In a year that has come to be defined in large part by a global pandemic, many businesses have faced challenges they were not prepared to weather. As a result, mergers and acquisitions involving distressed companies (commonly known as “distressed M&A”) have increasingly attracted the attention of legal and financial industries. Entities that “thrive” amidst the challenges “will have the opportunity to strengthen and expand their own footprints by salvaging promising companies that now find themselves in distress,” but the M&A process may begin to look unfamiliar to all involved.
In the United States, distressed M&A may occur through an out-of-court sale or under a bankruptcy court’s supervision. Within the category of bankruptcy proceedings, a buyer may purchase a distressed company through a Chapter 11 plan of reorganization or through a Section 363 sale. The former involves just what the name indicates: a detailed plan that a bankruptcy court must approve with respect to reorganizing the distressed company. Such a plan of reorganization may provide for the sale of some or all of the distressed company’s assets.
A Section 363 sale, on the other hand, typically involves a public auction, with the starting bid set by a potential buyer who has assumed the role of the “stalking horse.” Parties often prefer this route, as it tends to be more “expeditious” than obtaining confirmation of a plan. A Section 363 sale also allows the buyer to select which, if any, liabilities it will assume.
Regardless of how distressed M&A occurs, a buyer must engage in due diligence to avoid surprises regarding which assets are being purchased. Prior to the onset of the pandemic, “sufficient” due diligence could take different forms depending on the industry involved, the nature of the transaction, the identities of the parties, and many other factors. Often, though, due diligence required extensive investigation into such issues as the liabilities a buyer may wish to assume versus the liabilities that would be excluded from the sale; any relevant third-party liens or other encumbrances; the distressed company’s reliance on intellectual property subject to third-party licenses or rights; and the likelihood of major customers of the distressed company continuing to do business with the buyer. For example, a buyer’s assumption or rejection of leases and contracts may very well affect the value of a distressed company to the buyer. A Section 363 sale allows a buyer significant leeway to select the contracts the buyer wishes to acquire with the distressed company.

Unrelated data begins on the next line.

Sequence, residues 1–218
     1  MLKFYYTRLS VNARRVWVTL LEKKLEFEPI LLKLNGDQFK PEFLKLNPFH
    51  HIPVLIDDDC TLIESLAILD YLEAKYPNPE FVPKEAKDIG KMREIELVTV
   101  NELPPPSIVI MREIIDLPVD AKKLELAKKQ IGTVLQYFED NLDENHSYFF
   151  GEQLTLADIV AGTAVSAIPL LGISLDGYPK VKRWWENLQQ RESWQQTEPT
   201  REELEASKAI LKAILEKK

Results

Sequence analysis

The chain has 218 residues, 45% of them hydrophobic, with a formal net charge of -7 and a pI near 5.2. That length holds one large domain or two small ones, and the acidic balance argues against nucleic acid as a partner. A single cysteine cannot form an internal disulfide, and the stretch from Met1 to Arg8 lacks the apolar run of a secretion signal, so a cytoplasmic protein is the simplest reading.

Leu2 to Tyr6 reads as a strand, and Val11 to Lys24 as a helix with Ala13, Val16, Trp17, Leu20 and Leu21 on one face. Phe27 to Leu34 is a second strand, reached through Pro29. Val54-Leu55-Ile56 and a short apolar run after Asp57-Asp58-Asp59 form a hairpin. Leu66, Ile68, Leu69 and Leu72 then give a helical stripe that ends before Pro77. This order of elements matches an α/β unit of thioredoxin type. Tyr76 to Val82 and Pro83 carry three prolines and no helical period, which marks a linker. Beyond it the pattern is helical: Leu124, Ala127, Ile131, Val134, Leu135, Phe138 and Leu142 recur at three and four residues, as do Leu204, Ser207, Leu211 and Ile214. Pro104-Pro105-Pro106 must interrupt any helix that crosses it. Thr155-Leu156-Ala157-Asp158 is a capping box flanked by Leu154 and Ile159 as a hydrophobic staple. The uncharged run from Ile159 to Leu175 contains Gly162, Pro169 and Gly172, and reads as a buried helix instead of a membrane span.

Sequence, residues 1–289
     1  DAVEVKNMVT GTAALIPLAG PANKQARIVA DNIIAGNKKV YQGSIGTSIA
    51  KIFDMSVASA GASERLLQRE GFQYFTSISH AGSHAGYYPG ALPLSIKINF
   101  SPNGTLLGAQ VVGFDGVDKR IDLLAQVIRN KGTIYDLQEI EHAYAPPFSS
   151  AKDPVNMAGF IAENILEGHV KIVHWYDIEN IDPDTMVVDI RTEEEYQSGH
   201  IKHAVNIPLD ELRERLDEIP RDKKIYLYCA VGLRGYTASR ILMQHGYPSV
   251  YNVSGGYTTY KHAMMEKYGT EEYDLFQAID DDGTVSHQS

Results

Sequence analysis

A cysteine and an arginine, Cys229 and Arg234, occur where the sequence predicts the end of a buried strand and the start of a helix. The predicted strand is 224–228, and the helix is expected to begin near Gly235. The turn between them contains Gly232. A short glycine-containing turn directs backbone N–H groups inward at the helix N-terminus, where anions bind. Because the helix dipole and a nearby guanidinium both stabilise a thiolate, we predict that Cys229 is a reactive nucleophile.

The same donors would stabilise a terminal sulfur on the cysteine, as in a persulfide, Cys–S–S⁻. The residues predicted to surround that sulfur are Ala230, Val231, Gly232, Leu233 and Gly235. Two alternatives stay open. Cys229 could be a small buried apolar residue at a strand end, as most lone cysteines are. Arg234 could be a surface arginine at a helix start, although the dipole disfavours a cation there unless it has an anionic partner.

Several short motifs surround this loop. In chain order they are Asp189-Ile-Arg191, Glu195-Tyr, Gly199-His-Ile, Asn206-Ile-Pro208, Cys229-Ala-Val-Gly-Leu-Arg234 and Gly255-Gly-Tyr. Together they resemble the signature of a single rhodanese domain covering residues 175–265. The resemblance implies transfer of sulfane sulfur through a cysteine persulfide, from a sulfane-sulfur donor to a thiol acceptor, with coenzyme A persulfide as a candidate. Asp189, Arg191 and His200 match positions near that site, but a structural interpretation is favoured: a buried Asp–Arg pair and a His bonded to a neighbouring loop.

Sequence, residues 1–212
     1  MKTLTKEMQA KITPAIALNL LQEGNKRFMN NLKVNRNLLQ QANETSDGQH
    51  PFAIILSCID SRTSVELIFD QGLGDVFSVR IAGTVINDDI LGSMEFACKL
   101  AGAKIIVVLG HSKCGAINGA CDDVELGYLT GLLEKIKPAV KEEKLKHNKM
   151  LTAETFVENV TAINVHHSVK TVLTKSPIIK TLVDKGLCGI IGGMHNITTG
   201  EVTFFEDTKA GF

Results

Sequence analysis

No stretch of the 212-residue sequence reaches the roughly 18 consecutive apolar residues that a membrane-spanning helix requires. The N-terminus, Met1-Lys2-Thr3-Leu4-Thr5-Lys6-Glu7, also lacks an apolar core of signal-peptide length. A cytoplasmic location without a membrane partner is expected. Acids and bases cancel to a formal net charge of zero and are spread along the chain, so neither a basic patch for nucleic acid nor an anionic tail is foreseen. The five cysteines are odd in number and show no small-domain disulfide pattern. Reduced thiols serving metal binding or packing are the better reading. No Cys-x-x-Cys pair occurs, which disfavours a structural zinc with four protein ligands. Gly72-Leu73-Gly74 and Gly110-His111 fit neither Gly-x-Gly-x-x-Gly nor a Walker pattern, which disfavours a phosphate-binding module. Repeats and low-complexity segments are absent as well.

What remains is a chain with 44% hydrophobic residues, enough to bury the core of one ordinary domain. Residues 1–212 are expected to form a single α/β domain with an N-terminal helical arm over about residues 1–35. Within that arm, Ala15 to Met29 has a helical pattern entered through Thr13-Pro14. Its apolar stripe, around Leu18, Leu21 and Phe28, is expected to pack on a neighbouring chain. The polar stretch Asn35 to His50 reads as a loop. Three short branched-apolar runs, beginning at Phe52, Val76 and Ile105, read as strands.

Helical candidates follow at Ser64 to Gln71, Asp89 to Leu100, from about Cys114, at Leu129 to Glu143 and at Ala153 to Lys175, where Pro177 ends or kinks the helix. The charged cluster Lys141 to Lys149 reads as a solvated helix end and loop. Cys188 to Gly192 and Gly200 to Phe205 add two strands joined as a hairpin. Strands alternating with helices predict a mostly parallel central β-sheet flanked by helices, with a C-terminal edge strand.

Now that COVID-19 has changed the economic landscape, due diligence necessities have changed with it. A prudent purchaser will not only investigate all of the issues involved in pre-pandemic due diligence, but will also adjust methods and add inquiries into new areas of concern associated with the pandemic.
For one, there are many liabilities that are either new or newly prevalent and important due to COVID-19. One author lists several “areas of inquiry” on which COVID-19 has increased focus: “exposure of the business…to jurisdictions highly affected by the epidemic”; “supply chain risk…”; “potential employment law issues and compliance with relevant government health guidelines”; “the legal basis under privacy laws…to process health data on employees, visitors and customers…”; “whether the seller has any deferrals of tax, customs duties, taxes or fees…”; “regulatory, licensing and data privacy implications as a result of remote working arrangements…”; and “the ability of the business or its counterparties to perform, suspend or walk away from obligations under assignable material contracts.”
COVID-19 has also impacted due diligence methodology. Buyers now have a heavily reduced ability to engage in activities like attending in-person meetings with the target’s officers and critical employees and accessing physical sites, existing inventory, and non-digital documents. “In distressed tech company acquisitions,” for example, “buyers still need to undertake due diligence, but the diligence may need to be accelerated and limited. And because of the coronavirus ‘stay at home orders,’ in-person diligence may be limited or difficult.”